In one embodiment, a new kind of platform configuration register (PCR) is used in conjunction with a trusted platform module (TPM) within a security token. Each new PCR may have associated with it a pair of flags that may be used to indicate whether or not the PCR may be either reset or have its contents modified. The security token may have a bus interface that may receive special locality-confirming messages. These locality-confirming messages may indicate both that the security token is in direct physical connection with other system resources and also that trusted software desires to reset or modify PCR contents.
Referring now to FIG. 1, a diagram of an exemplary trusted or secured software environment is shown, according to one embodiment of the present invention. In the FIG. 1 embodiment, trusted and untrusted software may be loaded simultaneously and may execute simultaneously on a single computer system. A secure virtual machine monitor (SVMM) 350 selectively permits or prevents direct access to hardware resources 380 from one or more untrusted operating systems 340 and untrusted applications 310 through 330. In this context, “untrusted” does not necessarily mean that the operating system or applications are deliberately misbehaving, but that the size and variety of interacting code makes it impractical to reliably assert that the software is behaving as desired, and that there are no viruses or other foreign code interfering with its execution. In a typical embodiment, the untrusted code might consist of the normal operating system and applications found on today's personal computers.
SVMM 350 also selectively permits or prevents direct access to hardware resources 380 from one or more trusted or secure kernels 360 and one or more trusted applications 370. Such a trusted or secure kernel 360 and trusted applications 370 may be limited in size and functionality to aid in the ability to perform trust analysis upon it. The trusted application 370 may be any software code, program, routine, or set of routines which is executable in a secure environment. Thus, the trusted application 370 may be a variety of applications, or code sequences, or may be a relatively small application such as a Java applet.
Instructions or operations normally performed by operating system 340 or kernel 360 that could alter system resource protections or privileges may be trapped by SVMM 350, and selectively permitted, partially permitted, or rejected. As an example, in a typical embodiment, instructions that change the processor's page table that would normally be performed by operating system 340 or kernel 360 would instead be trapped by SVMM 350, which would ensure that the request was not attempting to change page privileges outside the domain of its virtual machine.
Referring now to FIG. 2, a diagram of certain exemplary trusted or secured software modules and exemplary system environment 200 is shown, according to one embodiment of the present invention. In the FIG. 2 embodiment, processor 202, processor 212, processor 222, and optional other processors (not shown) are shown. In other embodiments, the number of processors may differ, as may the boundary of various components and functional units.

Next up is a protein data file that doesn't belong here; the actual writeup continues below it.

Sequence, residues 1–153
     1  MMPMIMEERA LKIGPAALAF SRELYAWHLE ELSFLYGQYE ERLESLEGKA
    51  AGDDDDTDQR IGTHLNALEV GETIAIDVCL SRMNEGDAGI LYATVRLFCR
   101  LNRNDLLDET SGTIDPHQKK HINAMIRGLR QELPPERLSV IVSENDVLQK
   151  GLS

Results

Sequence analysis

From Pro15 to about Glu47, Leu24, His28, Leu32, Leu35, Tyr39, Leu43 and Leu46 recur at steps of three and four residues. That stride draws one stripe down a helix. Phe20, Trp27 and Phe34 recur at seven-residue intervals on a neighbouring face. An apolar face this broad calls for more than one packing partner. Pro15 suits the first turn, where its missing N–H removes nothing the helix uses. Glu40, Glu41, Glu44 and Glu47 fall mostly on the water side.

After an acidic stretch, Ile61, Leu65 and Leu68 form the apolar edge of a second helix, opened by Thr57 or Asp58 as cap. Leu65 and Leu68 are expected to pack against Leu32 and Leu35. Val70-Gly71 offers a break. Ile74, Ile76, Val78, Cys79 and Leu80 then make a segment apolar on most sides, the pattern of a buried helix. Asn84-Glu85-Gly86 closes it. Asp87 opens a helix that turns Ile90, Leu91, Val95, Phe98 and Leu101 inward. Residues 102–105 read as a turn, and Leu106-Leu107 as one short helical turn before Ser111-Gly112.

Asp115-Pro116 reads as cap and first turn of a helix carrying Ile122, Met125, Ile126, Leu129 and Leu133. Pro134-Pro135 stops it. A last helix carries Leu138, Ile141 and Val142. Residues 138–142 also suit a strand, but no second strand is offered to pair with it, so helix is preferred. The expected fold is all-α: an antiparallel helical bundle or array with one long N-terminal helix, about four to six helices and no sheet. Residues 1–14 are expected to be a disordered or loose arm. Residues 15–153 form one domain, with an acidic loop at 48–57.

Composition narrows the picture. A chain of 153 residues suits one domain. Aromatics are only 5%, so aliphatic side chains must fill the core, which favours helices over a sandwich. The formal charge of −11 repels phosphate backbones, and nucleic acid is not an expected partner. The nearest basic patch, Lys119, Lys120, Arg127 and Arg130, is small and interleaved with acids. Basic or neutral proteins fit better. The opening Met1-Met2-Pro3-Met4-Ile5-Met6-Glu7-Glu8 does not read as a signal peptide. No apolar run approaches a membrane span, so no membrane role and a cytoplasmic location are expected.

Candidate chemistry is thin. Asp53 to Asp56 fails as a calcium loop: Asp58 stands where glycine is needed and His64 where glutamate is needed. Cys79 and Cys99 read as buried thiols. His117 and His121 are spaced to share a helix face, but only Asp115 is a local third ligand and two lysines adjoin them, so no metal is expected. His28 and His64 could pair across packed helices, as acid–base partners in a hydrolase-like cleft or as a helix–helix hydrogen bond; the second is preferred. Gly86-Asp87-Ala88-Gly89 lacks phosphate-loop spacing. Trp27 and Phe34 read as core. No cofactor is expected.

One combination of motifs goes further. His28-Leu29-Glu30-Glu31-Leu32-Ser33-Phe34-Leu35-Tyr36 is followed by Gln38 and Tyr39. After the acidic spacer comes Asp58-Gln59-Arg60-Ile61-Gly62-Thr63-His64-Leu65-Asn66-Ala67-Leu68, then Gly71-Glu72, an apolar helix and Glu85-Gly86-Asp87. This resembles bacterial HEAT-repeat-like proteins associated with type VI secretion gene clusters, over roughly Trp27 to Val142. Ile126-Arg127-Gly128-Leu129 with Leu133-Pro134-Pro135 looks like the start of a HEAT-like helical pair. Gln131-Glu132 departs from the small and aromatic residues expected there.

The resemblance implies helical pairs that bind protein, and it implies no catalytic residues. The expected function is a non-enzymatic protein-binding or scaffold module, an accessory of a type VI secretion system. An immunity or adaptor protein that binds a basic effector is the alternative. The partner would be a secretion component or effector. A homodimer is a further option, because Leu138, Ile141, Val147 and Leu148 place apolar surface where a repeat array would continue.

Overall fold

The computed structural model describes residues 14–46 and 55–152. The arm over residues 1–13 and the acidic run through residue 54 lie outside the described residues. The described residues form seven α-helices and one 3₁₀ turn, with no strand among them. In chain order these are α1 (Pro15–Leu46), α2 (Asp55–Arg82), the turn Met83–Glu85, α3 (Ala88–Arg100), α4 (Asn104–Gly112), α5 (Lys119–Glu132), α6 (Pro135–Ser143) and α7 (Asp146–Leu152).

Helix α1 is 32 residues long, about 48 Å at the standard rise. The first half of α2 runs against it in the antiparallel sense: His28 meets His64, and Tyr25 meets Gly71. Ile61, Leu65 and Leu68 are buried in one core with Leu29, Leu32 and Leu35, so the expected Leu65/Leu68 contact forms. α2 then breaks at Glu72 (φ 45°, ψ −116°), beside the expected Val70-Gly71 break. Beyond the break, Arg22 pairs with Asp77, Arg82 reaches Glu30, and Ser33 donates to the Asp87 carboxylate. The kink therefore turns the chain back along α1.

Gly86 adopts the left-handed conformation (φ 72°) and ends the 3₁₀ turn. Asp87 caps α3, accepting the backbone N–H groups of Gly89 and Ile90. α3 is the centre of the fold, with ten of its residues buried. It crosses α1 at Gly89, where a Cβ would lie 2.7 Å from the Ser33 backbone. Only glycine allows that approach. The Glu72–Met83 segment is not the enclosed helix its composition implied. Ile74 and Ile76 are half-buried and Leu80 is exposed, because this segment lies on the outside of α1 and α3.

Processors 202, 212, 222 may contain certain special circuits or logic elements to support secure or trusted operations. For example, processor 202 may contain secure enter (SENTER) logic 204 to support the execution of special SENTER instructions that may initiate trusted operations. SENTER is one example of a privileged instruction, defined as a machine instruction that usually can only be executed when in a special mode and usually available to the operating system or systems but not to other users. Privileged operations may occur upon the execution of privileged instructions. Processor 202 may also contain bus message logic 206 to support special bus messages on system bus 230 in support of special SENTER operations. In alternate embodiments, memory control functions of chipset 240 may be allocated to circuits within the processors, and for multiple processors may be included on a single die. In these embodiments, special bus messages may also be sent on busses internal to the processors. The use of special bus messages may increase the security or trustability of the system for several reasons. Circuit elements such as processors 202, 212, and 222 or chipset 240 may only issue or respond to such messages if they contain the appropriate logic elements of embodiments of the present disclosure, or their equivalents. Therefore successful exchange of the special bus messages may help ensure proper system configuration. Special bus messages may also permit activities that should normally be prohibited, such as resetting a platform configuration register 286. The ability of potentially hostile untrusted code to spy on certain bus transactions may be curtailed by allowing special bus messages to be issued only in response to special security instructions.